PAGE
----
After waiting several months for my name to come up on the waiting list at the library for The Flatshare by Beth O’Leary, it finally landed in my inbox. I have a thing for British writers and their quirky style. The Flatshare is a combination of light humour and an underlying serious message. The book alternates chapters written in the first person by the two main characters. Tiffy is a twenty-something single gal in the throes of a breakup with her boyfriend, and Leon is a nurse with a difficult girlfriend and a brother in prison.
When we first meet Tiffy, she’s just been chucked out of her boyfriend’s apartment because he has a new girlfriend, and Tiffy needs to find another place to live. She works at Butterfingers Press, a little publishing house that specializes in small runs targeted at niche audiences like people who crochet, make lampshades, knit, or who love fly fishing. She makes minimum wage and cannot afford a flat on her own so she has to get creative in her search for accommodation. And she’s on a deadline.
Leon is a caring, conscientious nurse at a chronic-care hospital where he develops personal relationships with his patients. His younger brother Richie is in prison for armed robbery which he claims he did not commit, and no one but his family believes him. This causes conflict between Leon and his girlfriend. In order to free up some cash to continue to pay a lawyer to work on Richie’s appeal, Leon decides to rent-share his flat. The arrangement he conjures up is much like job sharing, only it involves sharing living arrangements instead of an office cubicle.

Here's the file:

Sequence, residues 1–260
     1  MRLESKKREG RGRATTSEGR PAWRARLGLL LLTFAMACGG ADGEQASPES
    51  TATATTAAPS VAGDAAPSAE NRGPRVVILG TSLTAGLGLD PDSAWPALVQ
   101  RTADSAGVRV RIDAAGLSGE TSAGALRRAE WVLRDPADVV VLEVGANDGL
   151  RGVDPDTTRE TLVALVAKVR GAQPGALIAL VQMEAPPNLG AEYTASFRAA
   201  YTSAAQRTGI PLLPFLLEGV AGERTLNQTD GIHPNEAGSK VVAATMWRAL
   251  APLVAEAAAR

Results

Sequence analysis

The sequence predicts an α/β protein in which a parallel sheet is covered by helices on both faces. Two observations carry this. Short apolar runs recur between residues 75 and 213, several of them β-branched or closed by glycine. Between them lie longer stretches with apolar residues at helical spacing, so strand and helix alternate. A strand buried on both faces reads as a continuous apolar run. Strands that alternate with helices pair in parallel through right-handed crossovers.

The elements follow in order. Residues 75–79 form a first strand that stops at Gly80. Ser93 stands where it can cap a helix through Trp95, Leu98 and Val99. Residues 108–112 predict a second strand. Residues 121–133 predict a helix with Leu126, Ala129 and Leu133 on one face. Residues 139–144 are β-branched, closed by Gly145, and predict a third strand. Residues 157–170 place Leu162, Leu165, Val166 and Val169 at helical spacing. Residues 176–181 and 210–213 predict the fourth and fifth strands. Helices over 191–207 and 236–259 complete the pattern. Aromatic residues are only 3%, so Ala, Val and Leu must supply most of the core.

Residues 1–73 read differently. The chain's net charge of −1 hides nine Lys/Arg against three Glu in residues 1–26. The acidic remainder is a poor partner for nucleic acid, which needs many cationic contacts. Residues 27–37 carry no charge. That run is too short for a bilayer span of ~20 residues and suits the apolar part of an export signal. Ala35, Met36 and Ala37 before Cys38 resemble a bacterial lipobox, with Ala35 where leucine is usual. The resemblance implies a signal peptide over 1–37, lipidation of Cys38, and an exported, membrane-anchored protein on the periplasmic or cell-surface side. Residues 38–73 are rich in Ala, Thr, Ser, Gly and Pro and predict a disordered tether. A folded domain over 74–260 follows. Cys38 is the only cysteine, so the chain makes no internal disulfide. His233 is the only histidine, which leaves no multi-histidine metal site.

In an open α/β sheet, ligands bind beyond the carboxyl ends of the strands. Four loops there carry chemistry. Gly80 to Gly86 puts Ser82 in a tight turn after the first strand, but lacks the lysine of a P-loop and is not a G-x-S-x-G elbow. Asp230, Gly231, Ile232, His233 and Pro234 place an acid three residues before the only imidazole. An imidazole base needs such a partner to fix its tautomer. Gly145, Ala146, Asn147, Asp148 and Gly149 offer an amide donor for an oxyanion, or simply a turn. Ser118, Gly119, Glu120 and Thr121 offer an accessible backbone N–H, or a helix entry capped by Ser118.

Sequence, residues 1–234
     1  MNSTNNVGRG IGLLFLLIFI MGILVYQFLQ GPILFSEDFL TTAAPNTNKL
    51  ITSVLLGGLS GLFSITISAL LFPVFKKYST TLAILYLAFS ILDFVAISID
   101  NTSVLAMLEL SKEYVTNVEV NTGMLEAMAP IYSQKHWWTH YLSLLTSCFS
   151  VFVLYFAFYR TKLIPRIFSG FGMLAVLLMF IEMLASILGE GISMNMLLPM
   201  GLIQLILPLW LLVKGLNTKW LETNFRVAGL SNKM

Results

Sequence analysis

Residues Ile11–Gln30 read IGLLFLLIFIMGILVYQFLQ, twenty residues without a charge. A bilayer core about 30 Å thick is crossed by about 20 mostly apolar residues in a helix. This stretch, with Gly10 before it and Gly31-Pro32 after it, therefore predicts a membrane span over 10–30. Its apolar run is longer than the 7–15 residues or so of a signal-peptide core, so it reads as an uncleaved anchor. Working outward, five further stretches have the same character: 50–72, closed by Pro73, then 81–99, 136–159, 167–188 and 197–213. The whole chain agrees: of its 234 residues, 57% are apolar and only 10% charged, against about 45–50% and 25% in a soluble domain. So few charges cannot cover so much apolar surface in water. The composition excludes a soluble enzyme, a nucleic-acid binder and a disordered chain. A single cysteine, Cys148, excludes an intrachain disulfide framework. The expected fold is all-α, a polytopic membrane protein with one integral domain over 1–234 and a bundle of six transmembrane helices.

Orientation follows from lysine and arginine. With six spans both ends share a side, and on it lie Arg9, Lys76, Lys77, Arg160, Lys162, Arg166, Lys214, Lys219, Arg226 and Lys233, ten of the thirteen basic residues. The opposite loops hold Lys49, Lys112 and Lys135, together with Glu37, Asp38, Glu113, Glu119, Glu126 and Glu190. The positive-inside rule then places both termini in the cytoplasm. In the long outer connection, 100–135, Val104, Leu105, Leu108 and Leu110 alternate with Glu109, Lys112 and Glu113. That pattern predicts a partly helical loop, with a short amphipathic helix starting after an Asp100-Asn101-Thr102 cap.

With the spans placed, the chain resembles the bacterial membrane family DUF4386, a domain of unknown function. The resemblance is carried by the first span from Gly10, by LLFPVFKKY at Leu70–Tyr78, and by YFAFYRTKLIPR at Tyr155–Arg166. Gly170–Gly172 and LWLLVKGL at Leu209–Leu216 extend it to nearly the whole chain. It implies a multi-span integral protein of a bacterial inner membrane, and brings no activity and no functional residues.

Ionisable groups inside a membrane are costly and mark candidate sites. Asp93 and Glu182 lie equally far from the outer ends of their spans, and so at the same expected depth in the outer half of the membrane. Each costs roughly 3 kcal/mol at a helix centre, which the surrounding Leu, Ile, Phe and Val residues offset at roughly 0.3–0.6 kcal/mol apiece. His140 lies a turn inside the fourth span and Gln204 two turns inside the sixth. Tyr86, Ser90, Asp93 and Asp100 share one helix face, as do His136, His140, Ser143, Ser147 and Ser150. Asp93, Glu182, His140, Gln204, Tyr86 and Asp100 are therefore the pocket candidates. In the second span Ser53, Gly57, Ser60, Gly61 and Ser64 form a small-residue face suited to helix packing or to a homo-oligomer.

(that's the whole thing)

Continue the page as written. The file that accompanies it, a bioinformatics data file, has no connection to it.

He advertises to flat-share with another person under certain unusual constraints. Because Leon works nights and spends weekends with his girlfriend, he offers his one-bedroom flat for rent to someone who’s allowed to sleep there at night when he’s working and on weekends when he’s at his girlfriend’s. Tiffy answers the ad and is approved by the girlfriend. She will occupy Leon’s flat from 6:00 p.m. each day until 8:00 a.m. when Leon arrives home from work. It works perfectly for Tiffy as she has a day job and needs a place on the weekends.
The one tiny complication to the arrangement is they have to share the one double bed on a rotating basis. It’s agreed she will sleep on the left side and he will occupy only the right side when it’s his turn. They set up a system of communicating via Post-It notes stuck in various places around the flat since they never actually meet in person. At first he’s a bit dismayed by her eclectic belongings littering his space and marvels at her weird fashion choices, but the arrangement works well for both.
While Tiffy sets about starting her new life, Justin, her former boyfriend appears on the scene from time to time to mess with her mind. What he’s doing amounts to emotional abuse and she’s confused, conflicted, and angered by his tactics. Anyone who has ever been in a similar relationship will understand the challenges. With the solid support of her friends Mo and Gerty as well as her co-worker Rachel, she soldiers on. Meanwhile, Leon’s relationship with his girlfriend is unraveling. He’s also taken on the challenge of trying to locate the former WW2 lover of an elderly gay patient of Leon’s who is a veteran and is dying. Adventures ensue.
The Flatshare is a delightful book and don’t you absolutely love the cover art? Tiffy is a colourful, outgoing person whose fashion sense is the source of many humorous visual images while reading the book. Leon is plodding, caring, and somewhat trepidatious. He thinks and leaves notes without pronouns, a communication style famously practised by Bridget Jones. Although it takes several months of sharing the flat before they actually meet, their lives mesh in surprising ways. Leon’s brother Richie is an integral secondary character who plays a major role in the plot development but I don’t want to give away too much. If you enjoyed reading Bridget Jones’s Diary, then I’m confident you will enjoy this book too. It’s a lovely way to pass the time while we’re all confined to our own “flat”.
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